24. Backgrounds from Stopped Muons Decay in Orbit electrons Simulation (Assume Rme~10-16) m-e- FWHM~0.9 MeV, s ~ 0.3 MeV on high side tail Essentially all muons stopped in stopping target wind up in the 1S atomic orbital of the stopping target nuclei. Then, they decay (40%) or capture (60%) on the nucleus Conversion electrons of interest: [m- + Al(13,27)]bound -> Al(13,27) + e- (105 MeV) Electrons from decay of bound muons (DIO) -- kinematic endpoint equals conversion electron energy: PAC Meeting - Nov. 3 2008

  25. Energy Calibration • Mu2e resolution: s~300 keV on high-side tail, FWHM ~ 1 MeV • Response function needs to be well established • Proposed energy integration region: 103.6-105.1 MeV • Proposed absolute energy calibration: s~0.1-0.2 MeV • Calibration approaches • Gives energy response function and energy calibration but at lower energy • Lower solenoid field to improve geometric overlap with detector • Reverse field to transport positive particles • Use DIO spectrum to monitor calibrations • Calibrate with a 100 MeV electron gun PAC Meeting - Nov. 3 2008

  26. Backgrounds from Stopped Muons(Cont’d) • Ordinary muon capture on the nucleus • In aluminum, 40% capture, 60% decay, lifetime = 864 ns • n, p are low energy, g are mostly low energy, well below conversion electron energy: create high rate background in detectors, potential track recognition errors • Neutral background (n, g) is reduced by displacing detectors downstream from the stopping target • Protons are reduced by placing thin absorbers in their path • Muon radiative decay, g near conversion energy, prob ~ few x 10-5; endpoint for aluminum 102.4 MeV, 2.5 MeV below conversion electron energy. Smaller event rate but still significant compared to DIO. • In-flight muon decay • pm>75 MeV/c can decay to >100 MeV electron PAC Meeting - Nov. 3 2008

  27. Radiative Pion Capture Background • p-, like m-, stop in stopping target and form atoms • reaction of p- with nucleus is fast: occurs mid-cascade • BR 2% for photon > 55 MeV, peak prob ~110 MeV, endpoint~137 MeV • g + material (e.g. target) e+e- • There are: (stopped pions) / (proton on primary target) = 3x10-7 • Which gives about 1.7x10-13false conversion electrons per proton PAC Meeting - Nov. 3 2008

  28. Dealing with radiative pion capture background Use pulsed proton beam Well-matched to 864 ns muonic Al lifetime Time distribution of pions arriving at target after proton strikes the production target • Wait ~700 ns to start measurement, pion stopping rate is reduced by ~1011 ~0.0007 events background, compared to ~4 events signal at Rme=10-16 • Extinction (=between-pulse proton rate) < 10-9 gives ~0.07 counts • Recognized and studied by time dependence, presence of e+ PAC Meeting - Nov. 3 2008

  29. production target calorimeter collimators magnet proton beam TOF counters Extinction Monitor Requirement: 10-9 extinction of proton beam between pulses • Concept: Monitor 1-2 GeV proton • production rate • 1-2 cm diameter collimators • 5 kG-m field • Momentum-select 1-2 GeV protons • Measure energy, TOF • Good shielding to suppress background • Run occasionally during microbunch to normalize the calorimeter • Expect ~1 proton every few minutes for 10-9 extinction Alternative being developed by COMET experiment with support of US-Japan agreement: pressurized gas Cerenkov detector placed in front of production target. PAC Meeting - Nov. 3 2008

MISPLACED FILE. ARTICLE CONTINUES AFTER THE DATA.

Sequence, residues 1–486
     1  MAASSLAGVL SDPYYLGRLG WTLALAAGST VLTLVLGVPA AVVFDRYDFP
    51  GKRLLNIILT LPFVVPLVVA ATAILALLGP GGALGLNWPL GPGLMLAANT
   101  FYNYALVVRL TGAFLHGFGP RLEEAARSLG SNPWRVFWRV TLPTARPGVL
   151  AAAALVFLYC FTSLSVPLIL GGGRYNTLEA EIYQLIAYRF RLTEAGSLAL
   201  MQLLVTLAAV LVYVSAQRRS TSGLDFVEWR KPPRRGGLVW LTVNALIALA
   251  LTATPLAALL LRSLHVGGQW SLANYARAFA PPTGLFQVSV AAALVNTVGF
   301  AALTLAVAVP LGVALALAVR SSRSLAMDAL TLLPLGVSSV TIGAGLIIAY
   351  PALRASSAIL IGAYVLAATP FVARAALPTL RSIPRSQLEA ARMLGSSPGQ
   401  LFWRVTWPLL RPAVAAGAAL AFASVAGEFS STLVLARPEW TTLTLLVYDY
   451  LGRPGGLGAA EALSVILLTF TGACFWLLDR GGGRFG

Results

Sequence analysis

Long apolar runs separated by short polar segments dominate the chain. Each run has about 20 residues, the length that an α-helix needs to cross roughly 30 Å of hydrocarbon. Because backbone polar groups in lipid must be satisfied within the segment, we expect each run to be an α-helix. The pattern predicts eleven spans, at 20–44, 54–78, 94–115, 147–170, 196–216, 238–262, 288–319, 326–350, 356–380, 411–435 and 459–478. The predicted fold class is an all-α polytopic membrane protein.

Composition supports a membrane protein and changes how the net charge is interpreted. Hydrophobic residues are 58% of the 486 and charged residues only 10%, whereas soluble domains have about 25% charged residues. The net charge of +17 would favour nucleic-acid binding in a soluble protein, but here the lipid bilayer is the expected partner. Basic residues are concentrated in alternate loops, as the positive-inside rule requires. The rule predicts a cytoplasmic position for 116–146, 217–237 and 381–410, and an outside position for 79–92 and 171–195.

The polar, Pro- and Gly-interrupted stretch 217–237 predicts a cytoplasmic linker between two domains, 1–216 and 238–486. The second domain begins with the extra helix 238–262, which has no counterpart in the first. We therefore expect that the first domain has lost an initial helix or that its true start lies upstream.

30. Long Transit Time Background • Particles with low longitudinal velocity can take a long time to traverse the beam line, arriving at the stopping target during the measurement period • Antiprotons and radiative pion capture: • Antiprotons are stopped by a thin window in middle of transport • Adjust measure start time until most long-transit time pions decay • Example of a potential problem • Pion decays into a muon early in the transport solenoid • Muon can have small pitch and progress very slowly downstream • Muon can decay after a long time into an electron • Decay electron can be >100 MeV if pm>75 MeV/c • Electron could scatter in collimators, arriving at the target late during the measurement period, where it could scatter into the detector acceptance • To suppress this… • Straight sections of solenoids have dBs/ds<0.02 T/m • Greatly reduces number of particles (e.g. p->m) with small pitch • Gradient criterion not necessary in curved solenoid sections, low pitch particles are swept away vertically by dBs/dr field gradient. PAC Meeting - Nov. 3 2008

  31. Background Summary Total run time, 2x107 seconds Total protons, 4x1020 Total stopped muons, 1x1018 Total conversion electrons (if Rme=10-16)=4 counts * Depends on extinction, 10-9 assumed PAC Meeting - Nov. 3 2008

  32. Conclusions • Strong physics case for muon to electron conversion: • A positive signal indicates new physics • me can be large in most extensions to the SM • lepton flavor conservation properties are at the core of understanding why we have three generations • me likely has the greatest potential experimental sensitivity for CLFV • Addresses P5 goal of Terascale (and often well beyond) sensitivity to new physics complementary to LHC, and has strong P5 endorsement • Mu2e experiment is based on MECO design • Innovative design to obtain the muon beam • Many successful MECO reviews • Physics • Experimental design • Costing • Exceptional fit at FNAL • Desired beam can be had with modest modifications to existing facilities • Operation with minimal impact on NoVA program PAC Meeting - Nov. 3 2008